Competitor 3

After working on the 54mm minimum diameter KestreL kit, I was eager to build a minimum diameter 76mm bird for my 76-6000Ns motor. I looked several places and found some great kits, however, the prices seemed a bit steep. I finally decided to buy a Performance Rocketry Competitor 3 (which comes with 54mm motor mount) and convert it to minimum diameter…and by convert I mean trim the fin tabs and carbon fiber the fin can. Even though I should get some respectable altitude from this rocket it won’t be optimal for a number reasons. The first is that I’ll be using the stock ogive nose cone instead of a Von Karman. Additionally the supplied fins are a tad thick to be used with the tip-to-tip carbon reinforcement, so i’ll just add two layers to each side. These are just to name a couple, however, it should still be pretty awesome.

The first thing I did after opening the box is closely examine the components to make sure everything looked okay. A few things to note is that the parts were “decent” but seemed a little rough around the edges, so to speak. In order to make this kit minimum diameter, I needed to trim the root edge of the fin tabs that would normally bond to the 54mm motor mount. Using my dremel I cut off the excess G10 with a carbide cutting wheel. After cutting, I spent some time roughing up the surface of the fins with some 60 grit sandpaper and a razor to provide a better bonding surface for the upcoming carbon reinforcement.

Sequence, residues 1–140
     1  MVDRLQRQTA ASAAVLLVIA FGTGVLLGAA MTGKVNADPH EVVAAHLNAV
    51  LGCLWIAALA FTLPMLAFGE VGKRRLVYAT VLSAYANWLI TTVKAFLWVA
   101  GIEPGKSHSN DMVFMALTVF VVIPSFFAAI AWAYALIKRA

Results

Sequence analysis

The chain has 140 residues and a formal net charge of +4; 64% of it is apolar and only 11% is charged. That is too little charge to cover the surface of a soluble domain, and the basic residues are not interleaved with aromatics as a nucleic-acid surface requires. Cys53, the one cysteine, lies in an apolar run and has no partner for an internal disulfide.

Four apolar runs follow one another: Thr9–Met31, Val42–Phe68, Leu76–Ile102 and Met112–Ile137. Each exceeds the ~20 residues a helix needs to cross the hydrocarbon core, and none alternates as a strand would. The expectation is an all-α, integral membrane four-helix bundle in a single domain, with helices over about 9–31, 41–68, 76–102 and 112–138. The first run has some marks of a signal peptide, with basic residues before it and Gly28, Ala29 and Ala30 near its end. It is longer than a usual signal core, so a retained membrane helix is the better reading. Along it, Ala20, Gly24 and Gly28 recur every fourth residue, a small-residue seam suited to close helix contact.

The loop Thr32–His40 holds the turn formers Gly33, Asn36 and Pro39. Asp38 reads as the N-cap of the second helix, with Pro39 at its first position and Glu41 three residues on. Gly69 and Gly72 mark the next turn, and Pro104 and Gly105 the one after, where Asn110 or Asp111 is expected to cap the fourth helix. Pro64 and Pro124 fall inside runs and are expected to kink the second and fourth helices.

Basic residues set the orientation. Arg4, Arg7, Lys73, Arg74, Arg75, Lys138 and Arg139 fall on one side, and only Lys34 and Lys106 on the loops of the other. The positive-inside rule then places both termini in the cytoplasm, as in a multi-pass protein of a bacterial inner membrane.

To tack the fins in the airframe, I placed a long strip of packing tape over the fin slots from inside the airframe. Once the tape was in place I put a 76mm motor case inside the airframe for the fins to position and rest against. A small amount of JB weld was placed on the root edge of the fin and aligned in the airframe with tape and allowed to dry.

Before I go any further I should state that all surfaces to be bonded are first prepped by sanding with coarse grit sandpaper and wiped clean with acetone. Once all the fins were tacked into place I was ready to lay the first set of fin fillets using JB weld. Using a 1” fender washer I “scored” the joint between the fin and the airframe to mark where I taped off the fillets. I then poured epoxy in the joint and used the same 1” diameter washer to smooth out the fillet and create a .5” radius. After all the first fillets were completed, I applied a second set of fillets using the same procedure with Aeropoxy Light and a 1.5” fender washer (this step is optional). The reason I use the Aeropoxy Light is to increase the fillet radius allowing a easy transition for the carbon fiber tip-to-tip reinforcement to lay over.

UPDATE: The maiden flight of the Competitor 3 at Balls 19 was a great disappointment ending with a bang. Upon ignition the motor catoed spectacularly destroying the booster section, everything above seems salvageable.


  1. #1 by David Reese on August 19, 2010 - 3:18 pm

    Oh man, genius nose cone bulkplate attachment method. I am so stealing that.

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